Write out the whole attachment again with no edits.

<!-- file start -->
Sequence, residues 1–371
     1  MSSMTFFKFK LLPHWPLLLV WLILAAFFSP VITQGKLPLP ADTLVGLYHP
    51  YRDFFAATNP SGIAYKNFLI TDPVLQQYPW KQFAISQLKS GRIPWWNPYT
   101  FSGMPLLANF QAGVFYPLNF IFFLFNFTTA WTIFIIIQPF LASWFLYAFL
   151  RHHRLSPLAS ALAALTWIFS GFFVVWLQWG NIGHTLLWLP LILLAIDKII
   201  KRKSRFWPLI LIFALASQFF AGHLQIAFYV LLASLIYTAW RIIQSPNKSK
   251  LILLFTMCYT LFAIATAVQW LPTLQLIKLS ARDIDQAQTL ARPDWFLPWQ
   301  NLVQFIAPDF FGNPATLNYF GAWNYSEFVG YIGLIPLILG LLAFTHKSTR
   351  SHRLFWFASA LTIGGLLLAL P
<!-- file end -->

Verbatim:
Sequence, residues 1–371
     1  MSSMTFFKFK LLPHWPLLLV WLILAAFFSP VITQGKLPLP ADTLVGLYHP
    51  YRDFFAATNP SGIAYKNFLI TDPVLQQYPW KQFAISQLKS GRIPWWNPYT
   101  FSGMPLLANF QAGVFYPLNF IFFLFNFTTA WTIFIIIQPF LASWFLYAFL
   151  RHHRLSPLAS ALAALTWIFS GFFVVWLQWG NIGHTLLWLP LILLAIDKII
   201  KRKSRFWPLI LIFALASQFF AGHLQIAFYV LLASLIYTAW RIIQSPNKSK
   251  LILLFTMCYT LFAIATAVQW LPTLQLIKLS ARDIDQAQTL ARPDWFLPWQ
   301  NLVQFIAPDF FGNPATLNYF GAWNYSEFVG YIGLIPLILG LLAFTHKSTR
   351  SHRLFWFASA LTIGGLLLAL P